A rich history...

 

Cook Inlet owes its name to the British explorer James Cook, who aboard the brigantine HMS Resolution, chartered the inlet and its surrounding waters on his last voyage in 1777. Later in 1823, an official settlement was established by a Russian fishing fleet drawn to the nutrient-rich fishing grounds off the Alaskan coast  - but to the native tribes of the region, both were relatively late comers.
 
In fact, the countless bays and inlets and their sheltered waters have been home to Native people for thousands of years. For the northern tribes of the Kodiak Koniaqs, the Chugach people from Prince William Sound, the Aleuts from the Aleutians and the Tanaina Kenaitze people of the Cook Inlet, these waters has been an important meeting and trading area where ideas and traditional beliefs and cultures have been shared for eons.
 
Today, locals call their town the “City of Secluded Charm,” and it’s hard to argue with them. Set among a maze of peninsulas, straits and lakes, the isolated community of 360 residents has managed to retain much of its pioneering character and it's an enjoyable escape, whether you stay a week or just a day.
 
With the growing influx of fur traders and more fishing fleets, Seldovia soon became an important shipping and supply center for the region, with salmon and herring runs supporting several canneries by the 1920s.
 
After the Sterling Highway was completed to Homer in the 1950sSeldovia’s population and importance as a supply center began to dwindle, but it was the 1964 Good Friday earthquake that caused the most rapid change in the community. The earthquake caused the land beneath Seldovia to settle four feet, forcing residents to rebuild much of their community on higher ground. (Historical photos courtesy of Seldovia Village Tribe)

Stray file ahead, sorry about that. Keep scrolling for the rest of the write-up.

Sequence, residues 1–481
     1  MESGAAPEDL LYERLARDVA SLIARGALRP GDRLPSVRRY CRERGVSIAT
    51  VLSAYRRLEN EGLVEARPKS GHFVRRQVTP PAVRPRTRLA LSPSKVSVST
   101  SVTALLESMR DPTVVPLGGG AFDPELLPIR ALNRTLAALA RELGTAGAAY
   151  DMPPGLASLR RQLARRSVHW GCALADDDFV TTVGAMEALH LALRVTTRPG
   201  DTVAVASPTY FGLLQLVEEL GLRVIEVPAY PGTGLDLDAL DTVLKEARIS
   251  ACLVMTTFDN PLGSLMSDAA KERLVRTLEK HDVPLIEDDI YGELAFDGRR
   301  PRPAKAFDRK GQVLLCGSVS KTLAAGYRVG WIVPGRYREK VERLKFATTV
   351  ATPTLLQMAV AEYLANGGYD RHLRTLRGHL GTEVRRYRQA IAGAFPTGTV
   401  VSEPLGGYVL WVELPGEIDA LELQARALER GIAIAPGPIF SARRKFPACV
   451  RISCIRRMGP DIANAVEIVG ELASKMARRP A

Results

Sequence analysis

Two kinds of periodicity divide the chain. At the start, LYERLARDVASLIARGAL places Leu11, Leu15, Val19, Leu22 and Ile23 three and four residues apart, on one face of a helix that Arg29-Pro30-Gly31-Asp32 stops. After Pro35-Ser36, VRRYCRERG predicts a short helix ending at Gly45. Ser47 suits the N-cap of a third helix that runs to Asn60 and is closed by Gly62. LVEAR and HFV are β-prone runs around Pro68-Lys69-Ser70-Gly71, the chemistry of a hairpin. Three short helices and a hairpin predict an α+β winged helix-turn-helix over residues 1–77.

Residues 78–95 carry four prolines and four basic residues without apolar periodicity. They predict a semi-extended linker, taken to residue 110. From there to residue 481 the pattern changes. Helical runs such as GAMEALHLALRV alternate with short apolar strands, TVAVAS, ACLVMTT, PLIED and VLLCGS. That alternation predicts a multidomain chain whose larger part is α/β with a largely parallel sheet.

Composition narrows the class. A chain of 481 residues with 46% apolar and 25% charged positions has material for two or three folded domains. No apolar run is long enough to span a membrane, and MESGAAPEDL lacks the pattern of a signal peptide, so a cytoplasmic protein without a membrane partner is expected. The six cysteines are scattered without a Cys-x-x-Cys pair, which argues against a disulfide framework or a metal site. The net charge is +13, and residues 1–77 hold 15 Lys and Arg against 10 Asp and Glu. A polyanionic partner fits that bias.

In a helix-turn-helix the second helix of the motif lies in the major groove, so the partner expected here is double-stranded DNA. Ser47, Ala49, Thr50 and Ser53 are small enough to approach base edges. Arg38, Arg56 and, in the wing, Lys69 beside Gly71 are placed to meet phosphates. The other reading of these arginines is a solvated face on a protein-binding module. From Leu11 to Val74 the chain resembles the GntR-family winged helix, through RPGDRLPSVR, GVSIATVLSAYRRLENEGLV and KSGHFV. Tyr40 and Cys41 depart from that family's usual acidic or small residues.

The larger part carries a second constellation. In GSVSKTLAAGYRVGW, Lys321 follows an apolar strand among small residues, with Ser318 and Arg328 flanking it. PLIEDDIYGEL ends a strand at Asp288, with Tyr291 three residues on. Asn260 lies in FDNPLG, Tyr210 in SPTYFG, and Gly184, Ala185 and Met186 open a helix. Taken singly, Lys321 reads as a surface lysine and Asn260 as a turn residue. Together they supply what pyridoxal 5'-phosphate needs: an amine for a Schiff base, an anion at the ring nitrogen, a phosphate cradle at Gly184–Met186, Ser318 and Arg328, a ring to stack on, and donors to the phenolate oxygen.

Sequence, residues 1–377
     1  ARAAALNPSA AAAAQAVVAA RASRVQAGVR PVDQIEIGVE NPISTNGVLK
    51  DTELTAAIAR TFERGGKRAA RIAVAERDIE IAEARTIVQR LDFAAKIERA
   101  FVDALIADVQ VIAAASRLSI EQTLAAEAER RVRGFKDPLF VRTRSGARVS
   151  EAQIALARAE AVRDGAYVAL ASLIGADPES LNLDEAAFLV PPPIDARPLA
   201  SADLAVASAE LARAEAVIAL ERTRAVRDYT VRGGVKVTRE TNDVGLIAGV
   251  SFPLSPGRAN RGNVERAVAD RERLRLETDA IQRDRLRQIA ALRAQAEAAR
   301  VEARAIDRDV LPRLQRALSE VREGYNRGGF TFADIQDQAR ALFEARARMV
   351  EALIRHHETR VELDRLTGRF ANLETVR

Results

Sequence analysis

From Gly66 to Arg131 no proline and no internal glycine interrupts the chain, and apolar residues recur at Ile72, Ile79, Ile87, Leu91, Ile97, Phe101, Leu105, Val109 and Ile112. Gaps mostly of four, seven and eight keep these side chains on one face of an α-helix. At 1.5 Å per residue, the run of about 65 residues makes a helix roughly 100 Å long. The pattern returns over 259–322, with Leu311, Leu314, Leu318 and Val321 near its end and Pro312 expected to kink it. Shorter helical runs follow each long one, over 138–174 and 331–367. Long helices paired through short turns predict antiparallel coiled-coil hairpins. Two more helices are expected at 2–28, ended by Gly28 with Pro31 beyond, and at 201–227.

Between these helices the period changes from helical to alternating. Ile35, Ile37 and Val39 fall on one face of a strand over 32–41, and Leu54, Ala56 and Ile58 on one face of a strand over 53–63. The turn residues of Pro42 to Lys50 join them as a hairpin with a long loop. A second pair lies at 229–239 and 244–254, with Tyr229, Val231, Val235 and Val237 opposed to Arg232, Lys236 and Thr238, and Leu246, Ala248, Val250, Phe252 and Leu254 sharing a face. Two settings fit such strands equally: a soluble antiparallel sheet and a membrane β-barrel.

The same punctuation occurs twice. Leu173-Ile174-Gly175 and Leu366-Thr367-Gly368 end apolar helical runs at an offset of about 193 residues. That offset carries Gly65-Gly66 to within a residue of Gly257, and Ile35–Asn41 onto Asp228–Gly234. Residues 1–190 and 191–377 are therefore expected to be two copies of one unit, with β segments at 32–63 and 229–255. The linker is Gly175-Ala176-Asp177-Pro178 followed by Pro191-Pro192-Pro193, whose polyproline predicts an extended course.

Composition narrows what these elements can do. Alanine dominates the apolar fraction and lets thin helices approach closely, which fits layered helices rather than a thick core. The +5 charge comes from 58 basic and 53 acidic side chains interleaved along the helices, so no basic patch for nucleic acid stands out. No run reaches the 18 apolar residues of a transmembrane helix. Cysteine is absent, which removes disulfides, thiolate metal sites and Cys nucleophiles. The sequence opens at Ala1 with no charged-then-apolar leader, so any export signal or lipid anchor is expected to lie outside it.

Things to do

Seldovia is amazingly compact – even the airport is only a half-mile walk from town. You can see most of it on foot in a relatively short period of time. Within a few blocks of the small boat harbor are shops, galleries, restaurants and a short stretch of the original boardwalk. Hike a block uphill and you arrive at St. Nicholas Russian Orthodox Church perched idyllically on a knoll. The church is a national historic site and was built in 1891.
 
A must see is the Seldovia Village Tribe Museum and Culturtal Centre where you'll learn about the rich cutural traditions of the Aleut, Yupik, Alutiiq and Athabascan people who inhabit the Seldovia area. It also promotes greater public awareness of the rich cultural legacy of the indigenous societies of Seldovia Bay.
 
For a longer walk there’s the Otterbahn, a foot trail that heads 1.2 miles from town to Outside Beach, a beautiful spot with beach combing and a spectacular view of Kachemak Bay. Along the way keep an eye out blueberries. The wild berries grow so thick you can often rake your fingers through the bushes and fill a two-quart bucket in minutes. Low-bush cranberries and salmon berries are also abundant.
 
 
The ferry arrives in front of Seldovia Fishing Adventures, this is how we get our cars, food, and supplies to Seldovia. even the view of the ferry docking at 10pm (as pictured left) is spectacular, we have daylight into the wee hours of the night, some locals fish after work and don't leave until 9-10pm, and still back before dark! Picture taken from the veranda at Seldovia Fishing Adventures.
 
Seldovia's nearly carless streets and outlying gravel roads make for ideal mountain biking, which can be brought over from Homer or rented in town. The most popular ride is a leisurely pedal along the Jakolof Bay Road, which winds 10 miles along the coast towards the head of Jakolof Bay. Along the way there are panoramic views of Kachemak Bay, Kasitsna Bay and Jakolof Bay, while McDonald Spit is a favorite spot for seabirds and marine life. Eagles are also a common sight and sea otters are abundant. Watch for whales in the bay during spring and fall migrations. At low tide you can explore the sea life among the rocks and take in Mount Redoubt and Mount Iliamna across the bay.
 
Beach combing in front of Seldovia Fishing Adventures you will be visited by several Sea Otters, Bald Eagles, Hawks and Whales, but it is the natural surroundings that most captivates the imagination, or relax on the veranda and watch the natural world float by, don't be surprised if a Eagle lands on the rail a few feet away to gaze at the same thing you are! Seldovia Fishing Adventures has by far the best view in Seldovia!